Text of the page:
If uncommon calibers are what you’re after, Woodleigh bullets may be your brand.
There’s nothing sadder than having a fine rifle and no bullets to go along with it.
A situation such as this is what led one nice Australian gentleman to start the Woodleigh bullet company. A few decades back, Mr. Woodleigh and a few of his buddies had some nice, old English double rifles. They could only find lead cast bullets to fire out of these outdated elephant guns, and these bullets didn’t seem to really cut it when it came to swatting water buffalo.
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To solve this problem, Mr. Woodleigh did what anybody would do and started manufacturing his own jacketed bullets in antiquated calibers.
Now, this particular business model probably doesn’t sound like much of a moneymaker at first blush, but you’d be surprised how many folks there are out there who’ll pay good money to get an old gun shooting again.
While Woodleigh offers a line of bullets in what Americans consider standard calibers running from .264 up to .375, it’s their real big bore stuff that’s most interesting.
If you’re stuck with a 577 Nitro express rifle, Woodleigh offers no less than three different bullet choices in solids, soft noses and FMJ’s. Thinking of building a 404 Jeffery on that long action in the closet? Woodleigh makes five different bullets for that one. Got Granddad’s 425 Westley Richards? Woodleigh only makes two bullets for that one, but they’re .435 diameter like they should be.
Heck, Woodleigh even makes fodder for weird small bores like the original 8mm Mausers that came with .318 bores, or the 275 H&H, which requires a .288 diameter bullet to shoot well.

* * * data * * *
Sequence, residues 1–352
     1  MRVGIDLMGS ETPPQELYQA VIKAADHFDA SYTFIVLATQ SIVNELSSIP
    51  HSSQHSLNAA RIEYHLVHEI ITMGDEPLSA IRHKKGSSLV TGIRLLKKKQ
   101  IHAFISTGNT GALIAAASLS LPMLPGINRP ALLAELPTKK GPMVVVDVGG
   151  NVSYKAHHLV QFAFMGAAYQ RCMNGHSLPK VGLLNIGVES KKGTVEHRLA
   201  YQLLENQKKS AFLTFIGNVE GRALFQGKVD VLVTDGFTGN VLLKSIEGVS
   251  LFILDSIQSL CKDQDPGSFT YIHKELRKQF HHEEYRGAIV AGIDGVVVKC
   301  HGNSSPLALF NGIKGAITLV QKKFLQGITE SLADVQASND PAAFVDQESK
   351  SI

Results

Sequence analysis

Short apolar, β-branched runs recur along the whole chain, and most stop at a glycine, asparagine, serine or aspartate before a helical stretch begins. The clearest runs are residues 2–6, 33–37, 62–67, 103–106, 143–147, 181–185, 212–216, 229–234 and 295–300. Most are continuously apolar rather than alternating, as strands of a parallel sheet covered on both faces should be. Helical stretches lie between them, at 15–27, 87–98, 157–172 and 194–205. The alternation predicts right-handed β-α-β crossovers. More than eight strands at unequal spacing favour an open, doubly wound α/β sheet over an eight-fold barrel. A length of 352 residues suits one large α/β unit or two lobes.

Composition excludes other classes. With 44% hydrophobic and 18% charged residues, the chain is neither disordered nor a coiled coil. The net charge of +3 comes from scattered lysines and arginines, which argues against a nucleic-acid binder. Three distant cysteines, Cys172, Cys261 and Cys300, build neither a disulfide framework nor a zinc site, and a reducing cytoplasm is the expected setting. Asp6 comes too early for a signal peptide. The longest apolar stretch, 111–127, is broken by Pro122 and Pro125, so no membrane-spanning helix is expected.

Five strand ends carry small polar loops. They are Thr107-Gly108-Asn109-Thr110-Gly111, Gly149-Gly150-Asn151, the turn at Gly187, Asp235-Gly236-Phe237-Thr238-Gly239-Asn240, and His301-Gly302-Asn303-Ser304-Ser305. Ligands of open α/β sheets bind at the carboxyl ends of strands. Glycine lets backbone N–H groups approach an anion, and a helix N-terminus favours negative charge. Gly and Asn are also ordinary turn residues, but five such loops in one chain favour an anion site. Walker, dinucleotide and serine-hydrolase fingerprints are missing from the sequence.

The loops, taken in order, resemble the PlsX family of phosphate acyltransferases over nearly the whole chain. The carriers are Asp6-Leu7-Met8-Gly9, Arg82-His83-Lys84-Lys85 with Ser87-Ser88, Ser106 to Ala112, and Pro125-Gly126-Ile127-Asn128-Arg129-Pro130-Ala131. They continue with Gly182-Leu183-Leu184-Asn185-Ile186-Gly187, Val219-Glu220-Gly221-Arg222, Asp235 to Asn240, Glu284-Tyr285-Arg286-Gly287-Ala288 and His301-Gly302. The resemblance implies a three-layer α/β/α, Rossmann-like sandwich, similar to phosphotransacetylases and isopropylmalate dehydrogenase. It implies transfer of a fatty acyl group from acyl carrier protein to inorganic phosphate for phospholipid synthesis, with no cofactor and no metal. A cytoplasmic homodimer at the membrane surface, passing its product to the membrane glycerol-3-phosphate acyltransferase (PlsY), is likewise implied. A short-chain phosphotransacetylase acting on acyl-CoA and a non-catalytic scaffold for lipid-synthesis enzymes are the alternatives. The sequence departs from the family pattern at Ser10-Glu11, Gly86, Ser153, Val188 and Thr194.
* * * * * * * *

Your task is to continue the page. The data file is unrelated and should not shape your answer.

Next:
No matter how odd your requirements might be, Woodleigh is probably the company that can help you out.
What makes Woodleigh bullets especially interesting is that they aren’t intended to simply allow for target practice with old guns. Woodleigh’s projectiles are real live hunting bullets that can hold their own in terms of performance with any bullet currently on the market.
The folks at Woodleigh assume that you didn’t get that 333 Jeffery up and running to shoot paper with it, so they make their bullets to match.
Woodleigh’s Weldcore bullet is designed to operate wonderfully at the velocities it is meant for, and holds together better than any lead core, copper jacket bullet I’ve ever encountered.
I’ve never yet found a use in North America for their FMJs or solids, but I may someday.
A quick review of Woodleigh’s catalog will reveal that they don’t make any low-priced bullets, but that’s a bit much to expect when you’re shopping for Nitro Express components. Just in terms of weight, Woodleigh bullets need to cost more in most cases.
While Woodleigh projectiles will never be cheap, they might be just the thing you’ve been looking for to get that new project off the ground or to resurrect an old shooter.
Either way, they can be counted on to perform in the real world where we all want to get the most use out of our guns.
Featured image via WoodleighBullets.com.au